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PER2 rs2304672 polymorphism moderates circadian-relevant reward circuitry activity in adolescents

Forbes, Erika E., Dahl, Ronald E., Almeida, Jorge R.C., Ferrell, Robert E., Nimgaonkar, Vishwajit L., Mansour, Hader, Sciarrillo, Samantha R., Holm, Stephanie M., Rodriguez, Eric E. and Phillips, Mary Louise 2012. PER2 rs2304672 polymorphism moderates circadian-relevant reward circuitry activity in adolescents. Biological Psychiatry 71 (5) , pp. 451-457. 10.1016/j.biopsych.2011.10.012

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Abstract

Background Reward behavior in animals is influenced by circadian genes, including clock-pathway genes such as Period2 (PER2). Several forms of psychiatric illness are associated with both altered reward function and disturbances in circadian function. The PER2 single nucleotide polymorphism (SNP) rs2304672 has been associated with psychiatric illnesses involving reward dysfunction. Associations among circadian genes, function in neural reward circuits, and circadian-influenced behavior have not yet been studied in humans, however. Methods 90 healthy adolescents underwent functional magnetic resonance imaging during a guessing task with monetary reward, genotyping for two PER2 SNPs (rs2304672, rs2304674), and actigraphy to measure sleep in their home environments. Weekend sleep midpoint, a behavioral index of circadian function, was derived from actigraphy. Puberty was measured by physical exam. Results The rs2304672 SNP predicted blood oxygenation level-dependent response to monetary reward as constrained by sleep midpoint. Later sleep midpoint was associated with reduced activity in a key component of reward circuitry, medial prefrontal cortex (mPFC; Brodmann area 9/10/32), to reward outcome (pcorrected < .05). G allele carriers showed reduced activity in mPFC relative to CC homozygotes. Conclusions Our findings are the first to indicate that circadian genes have a significant impact upon circadian-relevant reward circuitry in humans. These findings have the potential to elucidate gene-brain-behavior relationships underlying reward processing and psychopathology.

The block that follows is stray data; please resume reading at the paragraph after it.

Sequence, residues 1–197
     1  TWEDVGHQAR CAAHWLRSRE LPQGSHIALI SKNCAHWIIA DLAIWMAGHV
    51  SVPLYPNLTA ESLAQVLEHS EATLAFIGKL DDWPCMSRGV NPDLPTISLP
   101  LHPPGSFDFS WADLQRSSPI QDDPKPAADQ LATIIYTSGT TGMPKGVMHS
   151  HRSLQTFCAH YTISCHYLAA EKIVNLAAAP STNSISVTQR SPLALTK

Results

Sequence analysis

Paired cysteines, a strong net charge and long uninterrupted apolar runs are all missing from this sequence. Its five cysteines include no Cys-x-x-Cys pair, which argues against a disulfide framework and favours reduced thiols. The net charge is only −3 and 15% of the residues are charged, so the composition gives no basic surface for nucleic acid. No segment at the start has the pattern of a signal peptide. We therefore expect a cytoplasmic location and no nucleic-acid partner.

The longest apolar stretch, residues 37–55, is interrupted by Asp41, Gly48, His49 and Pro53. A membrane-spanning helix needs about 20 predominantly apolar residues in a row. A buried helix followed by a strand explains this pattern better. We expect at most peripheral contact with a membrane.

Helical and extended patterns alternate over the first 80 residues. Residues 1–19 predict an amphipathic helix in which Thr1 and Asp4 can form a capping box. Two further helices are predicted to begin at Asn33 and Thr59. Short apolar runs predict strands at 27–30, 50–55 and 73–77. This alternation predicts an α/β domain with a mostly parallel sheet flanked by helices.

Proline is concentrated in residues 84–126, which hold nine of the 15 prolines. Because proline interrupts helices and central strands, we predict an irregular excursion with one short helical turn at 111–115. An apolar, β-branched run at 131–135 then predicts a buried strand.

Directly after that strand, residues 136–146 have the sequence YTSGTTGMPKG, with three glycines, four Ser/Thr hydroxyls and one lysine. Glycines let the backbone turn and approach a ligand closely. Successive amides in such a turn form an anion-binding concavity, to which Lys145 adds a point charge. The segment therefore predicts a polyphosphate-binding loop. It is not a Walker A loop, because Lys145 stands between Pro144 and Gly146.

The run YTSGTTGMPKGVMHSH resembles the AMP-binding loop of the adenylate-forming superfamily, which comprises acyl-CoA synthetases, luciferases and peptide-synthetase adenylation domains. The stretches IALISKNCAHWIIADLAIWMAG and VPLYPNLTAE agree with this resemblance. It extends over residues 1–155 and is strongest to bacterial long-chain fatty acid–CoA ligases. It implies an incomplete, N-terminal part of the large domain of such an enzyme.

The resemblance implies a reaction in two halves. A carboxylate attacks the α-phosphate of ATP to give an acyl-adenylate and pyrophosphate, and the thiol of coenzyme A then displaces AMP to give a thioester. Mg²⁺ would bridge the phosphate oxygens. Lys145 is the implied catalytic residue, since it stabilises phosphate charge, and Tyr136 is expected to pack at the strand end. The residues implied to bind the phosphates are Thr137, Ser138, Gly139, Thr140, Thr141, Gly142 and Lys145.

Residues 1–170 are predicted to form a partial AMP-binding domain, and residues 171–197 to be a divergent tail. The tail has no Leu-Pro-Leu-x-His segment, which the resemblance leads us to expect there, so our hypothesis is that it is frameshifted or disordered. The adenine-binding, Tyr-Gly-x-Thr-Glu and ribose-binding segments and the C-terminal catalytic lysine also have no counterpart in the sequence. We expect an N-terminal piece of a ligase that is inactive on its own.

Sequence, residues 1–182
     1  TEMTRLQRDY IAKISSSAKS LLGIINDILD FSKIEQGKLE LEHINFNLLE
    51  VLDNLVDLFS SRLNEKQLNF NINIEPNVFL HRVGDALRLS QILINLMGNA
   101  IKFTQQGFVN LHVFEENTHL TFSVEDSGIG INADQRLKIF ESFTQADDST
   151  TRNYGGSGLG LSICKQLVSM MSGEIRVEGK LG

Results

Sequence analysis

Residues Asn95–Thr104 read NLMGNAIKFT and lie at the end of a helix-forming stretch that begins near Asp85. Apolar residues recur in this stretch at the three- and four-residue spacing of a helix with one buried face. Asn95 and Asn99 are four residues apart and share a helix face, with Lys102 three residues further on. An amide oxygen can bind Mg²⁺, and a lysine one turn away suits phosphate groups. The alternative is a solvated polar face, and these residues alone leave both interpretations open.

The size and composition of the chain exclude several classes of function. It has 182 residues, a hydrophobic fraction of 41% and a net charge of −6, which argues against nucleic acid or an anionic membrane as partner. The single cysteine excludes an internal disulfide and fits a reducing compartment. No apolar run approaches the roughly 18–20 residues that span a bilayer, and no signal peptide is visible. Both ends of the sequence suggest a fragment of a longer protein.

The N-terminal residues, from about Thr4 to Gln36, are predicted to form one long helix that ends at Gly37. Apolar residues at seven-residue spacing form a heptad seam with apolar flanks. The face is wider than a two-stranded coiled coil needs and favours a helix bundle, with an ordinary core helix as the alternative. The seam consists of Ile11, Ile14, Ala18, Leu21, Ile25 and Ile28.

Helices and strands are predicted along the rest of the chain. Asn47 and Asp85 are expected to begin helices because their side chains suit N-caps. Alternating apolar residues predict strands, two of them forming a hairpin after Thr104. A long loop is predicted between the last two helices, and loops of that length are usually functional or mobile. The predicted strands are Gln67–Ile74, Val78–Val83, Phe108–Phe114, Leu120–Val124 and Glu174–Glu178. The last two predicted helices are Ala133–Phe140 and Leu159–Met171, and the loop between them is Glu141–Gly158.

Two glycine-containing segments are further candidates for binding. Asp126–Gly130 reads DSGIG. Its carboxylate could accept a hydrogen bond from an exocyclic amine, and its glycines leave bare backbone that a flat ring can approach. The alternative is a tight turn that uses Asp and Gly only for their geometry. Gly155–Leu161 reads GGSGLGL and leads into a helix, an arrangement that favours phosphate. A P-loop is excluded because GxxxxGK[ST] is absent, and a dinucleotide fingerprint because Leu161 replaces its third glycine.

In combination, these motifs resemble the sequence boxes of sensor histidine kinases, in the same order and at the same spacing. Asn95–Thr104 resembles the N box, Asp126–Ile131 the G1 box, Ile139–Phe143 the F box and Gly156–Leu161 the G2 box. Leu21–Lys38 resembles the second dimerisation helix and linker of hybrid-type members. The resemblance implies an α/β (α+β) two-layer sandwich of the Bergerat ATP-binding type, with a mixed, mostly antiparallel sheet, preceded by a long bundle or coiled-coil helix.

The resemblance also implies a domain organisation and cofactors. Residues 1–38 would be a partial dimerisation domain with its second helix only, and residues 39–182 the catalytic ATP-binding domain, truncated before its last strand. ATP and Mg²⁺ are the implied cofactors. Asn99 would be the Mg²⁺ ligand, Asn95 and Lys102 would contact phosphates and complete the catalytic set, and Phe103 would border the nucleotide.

Item Type: Article
Date Type: Publication
Status: Published
Schools: MRC Centre for Neuropsychiatric Genetics and Genomics (CNGG)
Medicine
Subjects: R Medicine > RC Internal medicine > RC0321 Neuroscience. Biological psychiatry. Neuropsychiatry
Uncontrolled Keywords: Brain function ; circadian function ; clock-pathway genes ; development ; reward ; PER2
Publisher: Elsevier
ISSN: 0006-3223
Last Modified: 19 Mar 2016 23:04
URI: http://orca.cf.ac.uk/id/eprint/37558

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